This day. Jean-Paul Sartre rejects the Nobel Prize

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Jean-Paul Sartre (centre) dining in Paris with filmmaker Claude Lanzmann (left) and Simone de Beauvoir in 1964 | Bettmann/Corbis

On October 10, 1964, the French existential philosopher Jean-Paul Sartre rejected the Nobel Prize for literature.

His letter informing the Swedish Academy that he would decline the Nobel prize, were it to be offered to him, arrived after the jury had already decided upon the French author as their winner.

Sartre was named as the Nobel laureate for literature in 1964, praised by the academy “for his work which, rich in ideas and filled with the spirit of freedom and the quest for truth, has exerted a far-reaching influence on our age”. But the author of Huis Clos and La Nausée declined the award, that he had as a rule to decline all recognition or distinction and that the bonds between man and culture should be developed directly, without going through institutions. He explained his belief that “a writer who adopts political, social, or literary positions must act only with the means that are his own – that is, the written word”, and that “all the honours he may receive expose his readers to a pressure I do not consider desirable.”

Sartre expressed his solidarity with the most important events of his time, such as the Algerian struggle for Independence – it could be said that he was the most notable sympathizer of the liberation war in Algeria; the French youth and student revolt in May 1968; the Cultural Revolution in China; and the Cuban Revolution. He opposed the Vietnam War, and along with Bertrand Russell and other luminaries organized a tribunal for the purpose of exposing the war crimes of the United States.

On the other hand, Sartre defended Zionist Israel during the Six Day War. He controversially tried to redefine Marxism, leading to a famous debate with the leading communist intellectual in France in the 1960s, Louis Althusser , in which he tried to redefine Marx’s work in a pre-Marxist period, with essentialist generalizations about humanity. Some say that this is the only public debate that Sartre lost in his life, but to this day it remains a controversial event in some philosophical circles in France.

In 1948, the Roman Catholic Church listed all of Sartre’s books in the Index Librorum Prohibitorum.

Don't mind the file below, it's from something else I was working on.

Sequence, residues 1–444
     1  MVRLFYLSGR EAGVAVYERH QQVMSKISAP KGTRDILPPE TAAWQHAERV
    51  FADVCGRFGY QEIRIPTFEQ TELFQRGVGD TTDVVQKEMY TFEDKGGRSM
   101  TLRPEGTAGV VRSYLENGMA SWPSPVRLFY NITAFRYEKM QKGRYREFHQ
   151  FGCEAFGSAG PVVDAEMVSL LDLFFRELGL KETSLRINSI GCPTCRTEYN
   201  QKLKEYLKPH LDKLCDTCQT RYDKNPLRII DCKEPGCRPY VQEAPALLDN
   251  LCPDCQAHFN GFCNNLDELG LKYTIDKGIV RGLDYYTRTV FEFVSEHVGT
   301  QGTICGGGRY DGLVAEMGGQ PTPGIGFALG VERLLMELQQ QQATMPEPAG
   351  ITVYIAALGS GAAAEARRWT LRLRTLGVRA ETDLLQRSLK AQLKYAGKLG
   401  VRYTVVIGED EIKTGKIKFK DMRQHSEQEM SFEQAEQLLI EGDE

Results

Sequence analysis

Sartre lived a simple and modest life. The writer and philosopher died on April 15, 1980 at 74 years of age. He was buried on April 20, surrounded by an immense crowd. More than 20,000 people accompanied the coffin to the Montparnasse cemetery in Paris, where his remains rest.

An excerpt from his letter to the Swedish Academy:

My objective reasons are as follows: The only battle possible today on the cultural front is the battle for the peaceful coexistence of the two cultures, that of the East and that of the West. I do not mean that they must embrace each other—I know that the confrontation of these two cultures must necessarily take the form of a conflict—but this confrontation must occur between men and between cultures, without the intervention of institutions.

I myself am deeply affected by the contradiction between the two cultures: I am made up of such contradictions. My sympathies undeniably go to socialism and to what is called the Eastern bloc, but I was born and brought up in a bourgeois family and a bourgeois culture. This permits me to collaborate with all those who seek to bring the two cultures closer together. I nonetheless hope, of course, that “the best man wins.” That is, socialism.

This is why I cannot accept an honour awarded by cultural authorities, those of the West any more than those of the East, even if I am sympathetic to their existence. Although all my sympathies are on the socialist side. I should thus be quite as unable to accept, for example, the Lenin Prize, if someone wanted to give it to me, which is not the case.

I know that the Nobel Prize in itself is not a literary prize of the Western bloc, but it is what is made of it, and events may occur which are outside the province of the members of the Swedish Academy. This is why, in the present situation, the Nobel Prize stands objectively as a distinction reserved for the writers of the West or the rebels of the East. It has not been awarded, for example, to Neruda, who is one of the greatest South American poets. There has never been serious question of giving it to Louis Aragon, though he certainly deserves it. It is regrettable that the prize was given to Pasternak and not to Sholokhov, and that the only Soviet work thus honoured should be one published abroad and banned in its own country. A balance might have been established by a similar gesture in the other direction. During the war in Algeria, when we had signed the “declaration of the 121,” I should have gratefully accepted the prize, because it would have honoured not only me, but also the freedom for which we were fighting. But matters did not turn out that way, and it is only after the battle is over that the prize has been awarded me. [1]

Note

Jean-Paul Sartre, translated by Richard Howard, New York Review of Books
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